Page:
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Monday, 22 March 2010

Handsworth Park

Today I led a history tour of Handsworth Park. Thanks to the publicity from Graham Young in the Birmingham Post and Mail we enjoyed an exceptional turn-out - at least forty people - with an opportunity over tea at the boat house cafè to meet with friends including staff to share apprehensions about plans by the Council to reorganise and cut back on park-keepers across Birmingham.
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The best of news is that Dhiaa is safely back from Basrah. I'm looking forward to hearing all his news and what he's learned for his thesis. But he sent me an old photo:
Dear Simon. Attached is a picture I wanted to show you earlier. I have just found it as I was organizing my documents. It is of a teacher giving an English lesson in the open air to boys from the marshes, south of Iraq. Probably the picture was taken in the 1970s before the war with Iran (1980) and long before the beautiful marshes were drained by the ignorant tyrant and his regime. See how handsome the teacher was, how keen the students were, and how beautiful the marshes were! Apparently, the teacher came to his class by boat (locally called balam), and they seem to have insisted on flying the flag before the class started; I am sure the boys will go swimming in the play time, or fishing when the school day finishes. Hope you will like it. Best Dhiaa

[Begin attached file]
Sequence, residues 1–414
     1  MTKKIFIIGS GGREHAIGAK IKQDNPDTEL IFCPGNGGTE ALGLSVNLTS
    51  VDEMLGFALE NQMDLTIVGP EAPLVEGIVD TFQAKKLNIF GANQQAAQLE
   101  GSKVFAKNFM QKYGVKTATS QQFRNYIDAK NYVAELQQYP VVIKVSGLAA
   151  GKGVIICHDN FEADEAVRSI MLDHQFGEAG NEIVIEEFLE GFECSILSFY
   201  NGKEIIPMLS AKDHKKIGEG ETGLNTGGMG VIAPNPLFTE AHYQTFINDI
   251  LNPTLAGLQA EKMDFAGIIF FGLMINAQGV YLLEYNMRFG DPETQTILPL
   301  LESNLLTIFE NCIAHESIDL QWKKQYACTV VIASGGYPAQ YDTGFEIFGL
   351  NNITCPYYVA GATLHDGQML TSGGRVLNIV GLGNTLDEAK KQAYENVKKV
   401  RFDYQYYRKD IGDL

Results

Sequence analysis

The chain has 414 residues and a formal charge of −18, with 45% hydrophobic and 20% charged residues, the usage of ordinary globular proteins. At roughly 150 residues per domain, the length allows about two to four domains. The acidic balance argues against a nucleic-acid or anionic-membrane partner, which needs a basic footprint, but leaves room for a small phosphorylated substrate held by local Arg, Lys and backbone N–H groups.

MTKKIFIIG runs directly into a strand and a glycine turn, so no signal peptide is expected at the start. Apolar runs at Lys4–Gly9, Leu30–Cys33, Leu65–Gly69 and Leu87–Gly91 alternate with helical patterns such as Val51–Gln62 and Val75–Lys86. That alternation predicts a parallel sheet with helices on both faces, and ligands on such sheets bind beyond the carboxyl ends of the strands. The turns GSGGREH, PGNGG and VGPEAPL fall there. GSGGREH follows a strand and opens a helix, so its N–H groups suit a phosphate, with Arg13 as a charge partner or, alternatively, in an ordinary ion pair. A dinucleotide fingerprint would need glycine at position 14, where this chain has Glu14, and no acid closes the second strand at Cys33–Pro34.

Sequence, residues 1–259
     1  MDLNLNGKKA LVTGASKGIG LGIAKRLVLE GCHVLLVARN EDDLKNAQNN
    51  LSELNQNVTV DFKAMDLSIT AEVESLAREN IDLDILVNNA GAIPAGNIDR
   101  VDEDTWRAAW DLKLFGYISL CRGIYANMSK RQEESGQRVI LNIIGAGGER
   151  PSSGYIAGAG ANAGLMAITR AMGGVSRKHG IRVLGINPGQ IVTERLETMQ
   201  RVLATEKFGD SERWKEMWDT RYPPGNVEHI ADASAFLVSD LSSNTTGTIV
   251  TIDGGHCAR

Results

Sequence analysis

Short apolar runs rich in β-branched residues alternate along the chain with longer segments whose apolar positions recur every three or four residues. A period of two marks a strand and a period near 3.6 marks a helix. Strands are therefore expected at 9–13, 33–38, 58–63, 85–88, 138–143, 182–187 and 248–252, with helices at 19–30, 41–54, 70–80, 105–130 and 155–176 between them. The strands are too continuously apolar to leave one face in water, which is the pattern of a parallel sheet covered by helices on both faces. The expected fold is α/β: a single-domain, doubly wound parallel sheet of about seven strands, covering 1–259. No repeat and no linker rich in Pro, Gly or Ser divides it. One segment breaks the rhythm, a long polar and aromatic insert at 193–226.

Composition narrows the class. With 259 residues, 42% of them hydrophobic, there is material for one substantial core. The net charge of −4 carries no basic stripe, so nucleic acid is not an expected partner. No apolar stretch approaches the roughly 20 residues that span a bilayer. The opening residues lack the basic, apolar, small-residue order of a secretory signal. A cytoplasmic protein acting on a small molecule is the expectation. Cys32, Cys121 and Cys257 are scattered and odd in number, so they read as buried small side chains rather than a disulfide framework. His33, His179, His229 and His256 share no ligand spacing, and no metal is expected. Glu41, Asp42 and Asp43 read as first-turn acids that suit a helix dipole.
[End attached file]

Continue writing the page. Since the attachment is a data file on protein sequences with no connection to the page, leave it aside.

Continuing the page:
Iraq in peaceful times
Dear Dhiaa. I have a lump in my throat. What a wonderful classroom and what fun to arrive at school by boat. One day this will come back. One day it must. One day it shall. I saw how after twenty years our blighted park in Handsworth was recovered. I walked forty visitors round it today – telling its history, showing it off. Twenty years ago this would have been almost unimaginable other than in hope. I know this is nothing to the scale of the disaster that has overtaken the Mesopotamian marshes, whose drainage I'm sorry to say was begun by the British who saw them only as breeding grounds for mosquitoes and future agricultural land. If recovery can be imagined, it can be realised - with courage and hope and intelligence. Best Simon
With my friend Dhiaa by the River Severn

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